THE OUTLOOK FOR HEALTH CARE IN 2023:

What you need to know about the forces reshaping our industry.

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April 6, 2022

Around the nation: Biden administration proposes to fix ACA's 'family glitch'

Daily Briefing

    The Biden administration released a proposal to fix what is known as the "family-glitch" in the Affordable Care Act (ACA), in today's bite-sized hospital and health industry news from Colorado, the District of Columbia, Maryland, and Utah.

    • Colorado/Utah: SCL Health and Intermountain Healthcare on Tuesday announced the completion of a merger between the two organizations. The combined organization, with an estimated value of $14 billion, has 33 hospitals, 385 clinics, and a health plan with over a million members. The organization has about 59,000 employees in seven states. "SCL Health approached us in the wake of Sanford merger. The nicest thing that came out of that was that SCL knew we were in the market to grow," said Intermountain CEO Marc Harrison. "They are an organization that has been approached again and again and were never interested, but they wanted to join us because of our quality footprint, our commitment to digital innovation and value, and the benefits of having a health plan in the toolbox." According to the Colorado attorney general's review, the merger has "sufficient safeguards" that will maintain access to care across Colorado and maintain SCL's charitable mission. "Both organizations are very careful with headcount and run very lean and efficiently," said Harrison, who will lead the combined organization. "Some will choose to leave, but we do not wish to lose any talent." (Kacik, Modern Healthcare, 4/5)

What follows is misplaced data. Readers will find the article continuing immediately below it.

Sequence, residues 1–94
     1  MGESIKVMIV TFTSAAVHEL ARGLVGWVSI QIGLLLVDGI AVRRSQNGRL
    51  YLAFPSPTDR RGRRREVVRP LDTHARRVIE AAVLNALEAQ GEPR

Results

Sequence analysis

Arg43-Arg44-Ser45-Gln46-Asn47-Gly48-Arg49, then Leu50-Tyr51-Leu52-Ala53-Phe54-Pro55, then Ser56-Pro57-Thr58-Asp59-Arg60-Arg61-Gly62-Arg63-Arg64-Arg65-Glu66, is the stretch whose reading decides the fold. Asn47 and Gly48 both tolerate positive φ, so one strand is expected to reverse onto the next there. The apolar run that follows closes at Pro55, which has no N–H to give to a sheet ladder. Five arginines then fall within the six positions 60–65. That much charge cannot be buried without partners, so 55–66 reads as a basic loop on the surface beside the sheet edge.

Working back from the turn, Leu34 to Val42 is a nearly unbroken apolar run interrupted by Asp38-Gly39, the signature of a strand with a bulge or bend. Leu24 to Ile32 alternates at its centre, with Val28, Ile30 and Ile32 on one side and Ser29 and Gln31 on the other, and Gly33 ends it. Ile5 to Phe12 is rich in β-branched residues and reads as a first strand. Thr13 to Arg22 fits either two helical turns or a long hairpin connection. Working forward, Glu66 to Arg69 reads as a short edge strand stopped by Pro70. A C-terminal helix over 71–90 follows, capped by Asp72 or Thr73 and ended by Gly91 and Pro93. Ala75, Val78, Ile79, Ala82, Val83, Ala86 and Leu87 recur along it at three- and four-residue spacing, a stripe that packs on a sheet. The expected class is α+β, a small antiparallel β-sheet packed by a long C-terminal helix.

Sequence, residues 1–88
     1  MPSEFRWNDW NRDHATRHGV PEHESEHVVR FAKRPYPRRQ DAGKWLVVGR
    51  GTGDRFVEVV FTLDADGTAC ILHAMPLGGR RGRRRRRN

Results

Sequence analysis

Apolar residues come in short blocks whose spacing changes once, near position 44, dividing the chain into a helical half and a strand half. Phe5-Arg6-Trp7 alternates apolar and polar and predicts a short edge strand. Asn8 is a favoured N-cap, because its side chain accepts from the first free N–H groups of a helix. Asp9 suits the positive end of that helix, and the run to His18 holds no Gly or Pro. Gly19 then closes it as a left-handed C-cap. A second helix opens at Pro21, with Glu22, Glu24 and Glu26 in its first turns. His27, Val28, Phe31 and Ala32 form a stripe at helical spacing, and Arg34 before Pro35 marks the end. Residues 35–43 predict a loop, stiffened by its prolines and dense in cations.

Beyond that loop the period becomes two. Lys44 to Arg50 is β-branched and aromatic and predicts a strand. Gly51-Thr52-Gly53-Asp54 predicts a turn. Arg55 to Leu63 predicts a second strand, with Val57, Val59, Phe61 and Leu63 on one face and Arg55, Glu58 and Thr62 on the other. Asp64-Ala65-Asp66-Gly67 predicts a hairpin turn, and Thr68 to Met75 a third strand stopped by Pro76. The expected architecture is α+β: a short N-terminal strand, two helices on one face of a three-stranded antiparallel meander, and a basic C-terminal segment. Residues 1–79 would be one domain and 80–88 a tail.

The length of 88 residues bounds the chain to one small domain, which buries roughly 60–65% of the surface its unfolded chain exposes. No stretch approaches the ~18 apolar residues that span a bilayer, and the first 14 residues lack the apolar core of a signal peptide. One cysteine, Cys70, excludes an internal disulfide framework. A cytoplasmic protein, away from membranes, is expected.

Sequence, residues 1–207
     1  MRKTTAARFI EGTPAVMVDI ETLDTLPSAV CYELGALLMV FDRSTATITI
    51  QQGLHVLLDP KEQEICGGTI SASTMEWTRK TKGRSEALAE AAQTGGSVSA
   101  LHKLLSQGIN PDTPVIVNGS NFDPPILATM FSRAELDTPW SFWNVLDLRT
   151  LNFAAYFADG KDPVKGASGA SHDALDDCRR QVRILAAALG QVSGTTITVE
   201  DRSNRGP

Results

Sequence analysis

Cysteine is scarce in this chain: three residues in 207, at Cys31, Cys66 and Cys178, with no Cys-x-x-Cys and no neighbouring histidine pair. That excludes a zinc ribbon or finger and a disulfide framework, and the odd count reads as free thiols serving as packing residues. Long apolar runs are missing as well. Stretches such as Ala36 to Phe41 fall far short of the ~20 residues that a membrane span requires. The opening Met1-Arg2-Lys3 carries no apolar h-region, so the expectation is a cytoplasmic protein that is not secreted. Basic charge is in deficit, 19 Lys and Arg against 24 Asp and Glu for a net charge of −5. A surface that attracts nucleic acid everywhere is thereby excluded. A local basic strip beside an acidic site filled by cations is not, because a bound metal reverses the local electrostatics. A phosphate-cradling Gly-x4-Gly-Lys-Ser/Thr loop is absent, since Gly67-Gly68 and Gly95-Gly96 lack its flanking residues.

• District of Columbia: The Biden administration on Tuesday released a proposal to fix what is known as the "family-glitch" in the ACA—a rule that currently blocks millions of individuals who receive health care coverage through a family member's employer from qualifying for coverage assistance. Under the current regulations, the ACA provides assistance to single customers who spend over 9.83% of their income on their workplace health plan. Under the new proposal, a worker's spouse and children could qualify for assistance with purchasing a private plan through the ACA marketplace if the workplace plan for the entire family costs more than 10% of the household income. "Should the proposed change be made, it's estimated that 200,000 uninsured people would gain coverage, and nearly 1 million Americans would see their coverage become more affordable," the White House said in a fact sheet. According to a senior Biden administration official, the updated rule is expected to take effect at the start of 2023, meaning people would be able to sign up for financial assistance during this year's open enrollment period. (Choi, The Hill, 4/5; Groppe, USA Today, 4/5; Watson/Ake, CBS News, 4/5; Pettypiece, NBC News, 4/5) 4/5; Groppe, USA Today, 4/5; Watson/Ake, CBS News, 4/5; Pettypiece, NBC News, 4/5, Frieden, MedPage Today, 4/5)

       

    • Maryland: On Monday, in its final rate notice for next year's Medicare Advantage (MA) plans, CMS announced that MA plans are expected to see an 8.5% average revenue increase in 2023. According to the announcement, private insurers who administer MA plans can expect to see a 5% average increase in federal payments during 2023—half a percentage point higher than the Biden administration's proposed amount from January. At the beginning of 2022, over 28 million seniors and people with disabilities were enrolled in private MA plans. While insurers have argued that MA provides better care than traditional Medicare, some critics have voiced concern over the rate increase, saying that insurers and private investors are gaining a higher share of federal Medicare funds and increasing their profits, rather than improving patient care, Axios reports. (Pugh, Bloomberg Law, 4/4; Bettelheim, Axios, 4/5; Goldman, Modern Healthcare, 4/4; Herman, STAT+ [subscription required], 4/4)

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